Characteristics and outcome of long-stay patients in a paediatric intensive care unit in Cape Town, South Africa
Background. Paediatric intensive care is a costly, specialised and limited resource in low- and middle-income countries. The implications of extended paediatric intensive care unit (PICU) stay in South Africa (SA) are not known.
Objectives. To describe the characteristics, outcomes and resource consumption of long-stay patients (LSPs) and to identify predictive factors for long PICU stay.
Methods. A retrospective review of routinely collected data on all children admitted to an SA PICU over one calendar year. Long PICU stay was defined statistically as >19 days. Long- and short-stay patient (SSP) groups were compared, and variables significantly associated with long stay on univariate analysis were entered into a stepwise multiple regression model.
Results. Over the study period, 1 126 children (median age 8 months, 60.9% male) were admitted to the PICU, occupying 5 936 bed-days; 54 LSPs (4.8%) utilised 1 807 (30.4%) bed-days. Mortality and the standardised mortality ratio (actual/mean predicted mortality) in LSPs and SSPs were 29.6% v. 12% (p=0.002) and 2.4 v. 0.7 (p=0.002), respectively. Median duration of stay for LSPs and SSPs was 29.5 days and 2 days, respectively (p<0.0001). LSPs were younger than SSPs (median 4 months (interquartile range 2 - 17) v. 9 months (2 - 34); p=0.03), and fewer were male (48% v. 61.6%, p=0.049). On multivariate analysis, only female gender was independently associated with long PICU stay.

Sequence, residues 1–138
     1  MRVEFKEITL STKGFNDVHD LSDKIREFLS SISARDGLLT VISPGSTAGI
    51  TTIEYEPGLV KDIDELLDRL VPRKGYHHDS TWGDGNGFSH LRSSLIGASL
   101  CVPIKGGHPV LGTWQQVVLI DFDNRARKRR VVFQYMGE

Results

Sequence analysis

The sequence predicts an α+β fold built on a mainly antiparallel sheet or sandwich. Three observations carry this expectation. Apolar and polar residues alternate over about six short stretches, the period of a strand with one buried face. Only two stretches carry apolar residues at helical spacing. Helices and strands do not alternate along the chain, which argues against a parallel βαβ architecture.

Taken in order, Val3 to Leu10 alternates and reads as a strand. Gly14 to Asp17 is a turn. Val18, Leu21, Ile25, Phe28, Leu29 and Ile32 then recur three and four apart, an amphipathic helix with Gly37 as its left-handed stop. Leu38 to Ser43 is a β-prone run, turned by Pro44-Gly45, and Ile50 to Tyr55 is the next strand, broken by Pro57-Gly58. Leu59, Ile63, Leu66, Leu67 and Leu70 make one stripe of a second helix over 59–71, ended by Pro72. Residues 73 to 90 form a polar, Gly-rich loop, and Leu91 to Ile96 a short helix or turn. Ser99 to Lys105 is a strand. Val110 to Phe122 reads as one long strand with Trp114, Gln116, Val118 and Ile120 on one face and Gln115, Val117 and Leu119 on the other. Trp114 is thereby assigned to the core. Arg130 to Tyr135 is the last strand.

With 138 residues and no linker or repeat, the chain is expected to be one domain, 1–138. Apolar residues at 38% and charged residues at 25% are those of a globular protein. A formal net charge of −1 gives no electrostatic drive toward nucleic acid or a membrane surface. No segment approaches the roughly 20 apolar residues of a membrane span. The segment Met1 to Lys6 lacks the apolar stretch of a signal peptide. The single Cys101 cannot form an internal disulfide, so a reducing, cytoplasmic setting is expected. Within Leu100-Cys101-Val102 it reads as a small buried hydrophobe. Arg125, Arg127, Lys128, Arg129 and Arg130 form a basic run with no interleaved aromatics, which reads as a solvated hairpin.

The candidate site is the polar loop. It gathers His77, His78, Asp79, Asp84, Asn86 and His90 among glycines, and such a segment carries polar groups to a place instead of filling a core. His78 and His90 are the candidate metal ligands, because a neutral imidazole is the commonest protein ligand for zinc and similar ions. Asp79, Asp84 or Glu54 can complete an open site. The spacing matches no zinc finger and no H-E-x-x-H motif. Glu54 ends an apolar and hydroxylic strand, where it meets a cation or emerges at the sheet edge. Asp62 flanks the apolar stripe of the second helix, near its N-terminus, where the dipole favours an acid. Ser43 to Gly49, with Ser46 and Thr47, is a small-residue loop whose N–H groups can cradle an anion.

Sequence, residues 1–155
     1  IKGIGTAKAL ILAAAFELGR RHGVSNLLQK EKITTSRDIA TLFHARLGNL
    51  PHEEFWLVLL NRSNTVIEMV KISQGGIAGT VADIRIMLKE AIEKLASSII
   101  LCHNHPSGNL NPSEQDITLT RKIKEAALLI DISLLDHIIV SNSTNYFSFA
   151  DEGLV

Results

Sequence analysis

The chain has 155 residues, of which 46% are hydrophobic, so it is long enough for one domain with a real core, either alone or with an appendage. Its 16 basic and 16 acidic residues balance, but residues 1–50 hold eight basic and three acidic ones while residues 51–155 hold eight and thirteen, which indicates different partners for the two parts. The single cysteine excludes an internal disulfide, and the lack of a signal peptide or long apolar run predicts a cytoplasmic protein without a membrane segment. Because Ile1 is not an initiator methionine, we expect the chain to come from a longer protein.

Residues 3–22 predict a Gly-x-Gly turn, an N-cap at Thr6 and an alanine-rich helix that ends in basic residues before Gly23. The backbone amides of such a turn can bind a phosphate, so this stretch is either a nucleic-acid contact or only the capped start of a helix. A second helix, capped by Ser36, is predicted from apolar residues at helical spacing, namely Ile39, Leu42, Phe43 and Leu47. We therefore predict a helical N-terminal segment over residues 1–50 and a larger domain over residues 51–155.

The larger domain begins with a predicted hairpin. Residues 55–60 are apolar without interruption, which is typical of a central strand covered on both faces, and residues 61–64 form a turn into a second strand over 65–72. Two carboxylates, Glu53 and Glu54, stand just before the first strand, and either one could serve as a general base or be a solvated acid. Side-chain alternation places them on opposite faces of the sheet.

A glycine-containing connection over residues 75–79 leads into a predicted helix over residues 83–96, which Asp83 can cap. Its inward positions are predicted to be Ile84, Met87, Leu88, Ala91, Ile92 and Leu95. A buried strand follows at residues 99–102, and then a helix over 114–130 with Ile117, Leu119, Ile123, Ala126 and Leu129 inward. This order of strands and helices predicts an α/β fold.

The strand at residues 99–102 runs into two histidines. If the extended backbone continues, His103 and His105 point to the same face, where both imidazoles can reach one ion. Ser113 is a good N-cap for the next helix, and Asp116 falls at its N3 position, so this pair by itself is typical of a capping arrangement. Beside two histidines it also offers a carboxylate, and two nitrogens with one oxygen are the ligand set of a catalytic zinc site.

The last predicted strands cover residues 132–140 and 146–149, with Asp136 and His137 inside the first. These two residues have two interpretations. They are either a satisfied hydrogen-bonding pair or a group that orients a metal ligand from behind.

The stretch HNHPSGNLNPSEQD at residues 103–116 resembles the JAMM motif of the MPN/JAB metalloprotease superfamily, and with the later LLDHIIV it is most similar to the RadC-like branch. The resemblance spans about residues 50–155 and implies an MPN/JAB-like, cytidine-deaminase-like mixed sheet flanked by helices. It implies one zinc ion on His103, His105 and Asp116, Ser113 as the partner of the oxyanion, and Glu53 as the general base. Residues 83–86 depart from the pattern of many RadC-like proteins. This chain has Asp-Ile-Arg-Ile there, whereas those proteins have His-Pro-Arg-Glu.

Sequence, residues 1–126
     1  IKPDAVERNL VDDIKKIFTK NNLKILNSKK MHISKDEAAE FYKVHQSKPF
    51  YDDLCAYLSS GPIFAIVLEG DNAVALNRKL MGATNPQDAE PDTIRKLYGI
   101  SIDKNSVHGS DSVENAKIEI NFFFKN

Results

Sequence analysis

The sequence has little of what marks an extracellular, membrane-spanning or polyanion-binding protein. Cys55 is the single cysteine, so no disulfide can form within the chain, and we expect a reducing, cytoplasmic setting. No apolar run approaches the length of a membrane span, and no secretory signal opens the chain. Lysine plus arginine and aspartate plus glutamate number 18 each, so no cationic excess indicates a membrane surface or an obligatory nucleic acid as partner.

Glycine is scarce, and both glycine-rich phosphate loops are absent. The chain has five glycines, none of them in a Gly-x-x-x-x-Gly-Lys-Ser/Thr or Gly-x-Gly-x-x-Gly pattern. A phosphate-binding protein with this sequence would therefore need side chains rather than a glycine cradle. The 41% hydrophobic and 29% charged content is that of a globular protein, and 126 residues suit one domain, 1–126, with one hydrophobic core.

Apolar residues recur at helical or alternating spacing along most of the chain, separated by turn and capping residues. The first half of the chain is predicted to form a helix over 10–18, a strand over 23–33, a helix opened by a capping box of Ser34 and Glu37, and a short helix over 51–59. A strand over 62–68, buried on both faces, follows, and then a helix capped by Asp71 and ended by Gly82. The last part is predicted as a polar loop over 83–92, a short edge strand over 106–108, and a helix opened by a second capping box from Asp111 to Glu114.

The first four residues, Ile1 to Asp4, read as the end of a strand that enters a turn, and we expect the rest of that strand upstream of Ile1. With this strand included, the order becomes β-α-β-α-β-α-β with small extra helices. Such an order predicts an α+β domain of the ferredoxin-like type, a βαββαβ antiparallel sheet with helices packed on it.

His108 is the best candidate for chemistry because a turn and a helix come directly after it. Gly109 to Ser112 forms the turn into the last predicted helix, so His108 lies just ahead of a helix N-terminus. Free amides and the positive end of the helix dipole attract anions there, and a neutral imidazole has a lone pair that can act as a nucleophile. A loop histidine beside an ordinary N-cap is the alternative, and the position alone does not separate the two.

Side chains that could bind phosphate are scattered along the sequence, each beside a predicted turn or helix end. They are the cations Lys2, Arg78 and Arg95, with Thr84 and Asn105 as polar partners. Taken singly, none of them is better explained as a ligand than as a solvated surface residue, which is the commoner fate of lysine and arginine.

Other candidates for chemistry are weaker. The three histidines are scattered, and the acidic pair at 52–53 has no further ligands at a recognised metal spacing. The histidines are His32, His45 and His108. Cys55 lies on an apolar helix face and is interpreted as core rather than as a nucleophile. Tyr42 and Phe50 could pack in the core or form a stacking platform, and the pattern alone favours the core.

Conclusions. LSPs represent a small proportion of PICU admissions, yet have a higher mortality rate than SSPs and consume disproportionate PICU resources. No predictive model could be established for early recognition of potential LSPs to plan PICU bed allocation effectively.
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